Meteorites suggest galvanic origins for martian organic carbon

The nature of carbon on Mars has been the subject of intense research since NASA’s Viking-era missions in the 1970s, due to the link between organic (carbon-containing) molecules and the detection of extraterrestrial life. Analyses of Martian meteorites marked the first confirmation that macromolecular carbon (MMC)—large chains of carbon and hydrogen—are a common occurrence in Mars rocks. More recently, researchers have applied the lessons taken from studies of meteorites to the data being gathered by the Curiosity rover, finding similar MMC signatures on Mars itself. Now, the central question is “what is the synthesis mechanism of this abiotic organic carbon?”

>Read more about on the Advanced Light Source website

Image: A high-resolution transmission electron micrograph (scale bar = 50 nm) of a grain from a Martian meteorite. Reminiscent of a long dinner fork, organic carbon layers were found between the intact “tines.” This texture was created when the volcanic minerals of the Martian rock interacted with a salty brine and became the anode and cathode of a naturally occurring battery in a corrosion reaction. This reaction would then have enough energy—under certain conditions—to synthesize organic carbon.
Credit: Andrew Steele

Spin-momentum locking in cuprate high-temperature superconductors

The results open a new chapter in the mystery of high-temperature superconductors, suggesting that new, unexplored interactions and mechanisms might be at play.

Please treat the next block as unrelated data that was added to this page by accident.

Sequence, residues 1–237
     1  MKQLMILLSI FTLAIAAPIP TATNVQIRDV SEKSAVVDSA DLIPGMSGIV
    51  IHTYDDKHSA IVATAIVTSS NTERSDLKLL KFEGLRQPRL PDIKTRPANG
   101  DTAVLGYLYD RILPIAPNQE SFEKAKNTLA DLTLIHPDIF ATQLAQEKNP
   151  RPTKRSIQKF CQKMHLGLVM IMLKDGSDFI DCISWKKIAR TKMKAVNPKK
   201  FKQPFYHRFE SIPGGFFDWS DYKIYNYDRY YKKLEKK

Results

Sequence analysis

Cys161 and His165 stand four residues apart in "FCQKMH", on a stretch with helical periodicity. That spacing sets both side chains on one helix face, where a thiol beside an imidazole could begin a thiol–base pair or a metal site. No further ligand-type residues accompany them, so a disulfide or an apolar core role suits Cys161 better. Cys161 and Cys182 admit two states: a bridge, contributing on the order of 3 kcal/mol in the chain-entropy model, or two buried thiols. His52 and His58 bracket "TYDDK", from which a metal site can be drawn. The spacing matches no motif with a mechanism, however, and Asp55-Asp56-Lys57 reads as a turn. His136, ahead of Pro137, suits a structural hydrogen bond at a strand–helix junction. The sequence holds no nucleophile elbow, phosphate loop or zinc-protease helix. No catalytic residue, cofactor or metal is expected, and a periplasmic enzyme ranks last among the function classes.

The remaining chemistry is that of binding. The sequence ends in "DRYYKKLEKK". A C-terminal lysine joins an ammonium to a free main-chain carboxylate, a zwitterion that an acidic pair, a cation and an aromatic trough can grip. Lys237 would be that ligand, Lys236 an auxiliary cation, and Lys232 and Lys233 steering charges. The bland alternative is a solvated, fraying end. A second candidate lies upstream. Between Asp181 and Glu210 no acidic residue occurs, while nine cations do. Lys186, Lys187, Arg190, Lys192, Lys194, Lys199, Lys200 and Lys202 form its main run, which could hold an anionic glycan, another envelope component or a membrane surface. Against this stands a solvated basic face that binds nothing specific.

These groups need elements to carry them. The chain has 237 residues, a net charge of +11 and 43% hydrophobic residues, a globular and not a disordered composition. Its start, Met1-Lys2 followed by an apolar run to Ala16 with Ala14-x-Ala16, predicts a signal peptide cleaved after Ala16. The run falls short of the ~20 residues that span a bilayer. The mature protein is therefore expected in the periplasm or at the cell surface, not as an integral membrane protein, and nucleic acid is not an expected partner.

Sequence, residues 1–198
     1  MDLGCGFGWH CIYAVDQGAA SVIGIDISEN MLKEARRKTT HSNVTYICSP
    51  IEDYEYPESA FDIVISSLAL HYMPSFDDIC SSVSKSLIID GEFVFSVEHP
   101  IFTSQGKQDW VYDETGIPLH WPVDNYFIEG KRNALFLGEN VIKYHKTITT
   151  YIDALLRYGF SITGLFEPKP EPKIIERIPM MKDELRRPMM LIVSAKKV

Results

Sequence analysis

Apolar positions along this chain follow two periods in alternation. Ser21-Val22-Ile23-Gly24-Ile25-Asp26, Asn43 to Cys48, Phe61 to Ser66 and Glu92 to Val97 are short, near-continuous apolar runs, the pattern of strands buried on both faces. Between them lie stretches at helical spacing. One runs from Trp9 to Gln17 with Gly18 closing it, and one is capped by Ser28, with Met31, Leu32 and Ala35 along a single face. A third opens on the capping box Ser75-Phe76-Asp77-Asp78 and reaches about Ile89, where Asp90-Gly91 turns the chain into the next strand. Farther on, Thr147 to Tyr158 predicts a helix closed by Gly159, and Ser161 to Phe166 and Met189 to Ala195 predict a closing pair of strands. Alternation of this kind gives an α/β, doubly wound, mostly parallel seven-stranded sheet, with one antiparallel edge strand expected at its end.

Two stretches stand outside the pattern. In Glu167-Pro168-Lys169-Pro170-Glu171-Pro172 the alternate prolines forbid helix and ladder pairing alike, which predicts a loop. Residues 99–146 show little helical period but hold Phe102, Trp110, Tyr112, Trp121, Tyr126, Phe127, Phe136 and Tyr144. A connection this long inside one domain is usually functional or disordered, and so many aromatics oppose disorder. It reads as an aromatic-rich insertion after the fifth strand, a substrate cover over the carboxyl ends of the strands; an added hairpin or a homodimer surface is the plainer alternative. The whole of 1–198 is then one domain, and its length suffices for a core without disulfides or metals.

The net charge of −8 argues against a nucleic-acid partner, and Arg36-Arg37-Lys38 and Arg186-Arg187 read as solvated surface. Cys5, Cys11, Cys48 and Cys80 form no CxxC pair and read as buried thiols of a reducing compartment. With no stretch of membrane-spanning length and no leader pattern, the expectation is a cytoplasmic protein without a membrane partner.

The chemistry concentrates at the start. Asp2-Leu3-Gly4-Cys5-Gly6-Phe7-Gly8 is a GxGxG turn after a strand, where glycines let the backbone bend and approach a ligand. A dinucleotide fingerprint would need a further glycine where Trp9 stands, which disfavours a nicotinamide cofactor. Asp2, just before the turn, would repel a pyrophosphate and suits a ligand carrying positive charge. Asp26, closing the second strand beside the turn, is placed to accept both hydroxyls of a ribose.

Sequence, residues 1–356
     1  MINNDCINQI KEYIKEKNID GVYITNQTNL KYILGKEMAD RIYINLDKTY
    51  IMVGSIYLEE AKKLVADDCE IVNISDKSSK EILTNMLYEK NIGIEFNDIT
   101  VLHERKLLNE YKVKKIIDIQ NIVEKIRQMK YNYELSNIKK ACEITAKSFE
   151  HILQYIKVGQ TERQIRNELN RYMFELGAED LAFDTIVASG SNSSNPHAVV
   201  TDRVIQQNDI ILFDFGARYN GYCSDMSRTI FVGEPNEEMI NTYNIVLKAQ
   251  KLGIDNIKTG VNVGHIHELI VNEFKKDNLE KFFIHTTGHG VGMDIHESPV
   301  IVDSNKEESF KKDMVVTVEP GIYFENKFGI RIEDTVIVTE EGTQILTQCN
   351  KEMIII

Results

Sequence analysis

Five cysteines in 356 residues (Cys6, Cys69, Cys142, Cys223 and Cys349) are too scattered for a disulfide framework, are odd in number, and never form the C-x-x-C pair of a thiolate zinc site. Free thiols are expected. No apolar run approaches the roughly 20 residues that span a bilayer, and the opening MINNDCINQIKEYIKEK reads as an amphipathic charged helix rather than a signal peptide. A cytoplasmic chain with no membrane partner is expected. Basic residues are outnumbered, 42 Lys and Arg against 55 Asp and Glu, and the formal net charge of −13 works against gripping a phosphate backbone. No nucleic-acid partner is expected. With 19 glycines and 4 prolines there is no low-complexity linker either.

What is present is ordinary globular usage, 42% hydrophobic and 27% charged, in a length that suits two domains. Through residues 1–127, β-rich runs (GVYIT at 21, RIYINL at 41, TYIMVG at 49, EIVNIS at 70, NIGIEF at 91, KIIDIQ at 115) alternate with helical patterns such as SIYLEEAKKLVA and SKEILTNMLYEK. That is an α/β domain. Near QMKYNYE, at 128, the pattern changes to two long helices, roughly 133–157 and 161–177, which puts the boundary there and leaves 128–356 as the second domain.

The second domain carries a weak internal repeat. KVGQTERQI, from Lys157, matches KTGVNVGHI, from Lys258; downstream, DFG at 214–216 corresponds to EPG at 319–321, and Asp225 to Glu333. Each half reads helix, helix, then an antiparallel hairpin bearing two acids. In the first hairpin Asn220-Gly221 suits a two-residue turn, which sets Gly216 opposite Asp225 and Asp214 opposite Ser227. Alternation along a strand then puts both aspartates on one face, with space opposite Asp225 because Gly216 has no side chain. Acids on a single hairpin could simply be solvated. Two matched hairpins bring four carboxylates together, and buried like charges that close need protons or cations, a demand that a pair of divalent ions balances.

In the world of superconductors, “high temperature” means that the material can conduct electricity without resistance at temperatures higher than expected, but still far below room temperature. Within this special class of high-temperature superconductors (HTSCs), cuprates—consisting of superconducting CuO2 layers separated by spacer layers—are some of the best performers, generating interest in these materials for potential use in super-efficient electrical wires that can carry power without any loss of electron momentum.

A new spin on cuprate HTSCs

Two kinds of electron interactions have been known to give rise to novel properties in new materials, including superconductors. Scientists who study cuprate superconductors have focused on just one of those interactions: electron correlation—electrons interacting with each other. The other kind of electron interaction found in exotic materials is spin-orbit coupling—the way in which an electron’s magnetic moment interacts with atoms in the material.

>Read more on the Advanced Light Source website

Image: Chris Jozwiak, Alessandra Lanzara, Kenneth Gotlieb, and Chiu-Yun Lin.
Credit: Peter DaSilva/Berkeley Lab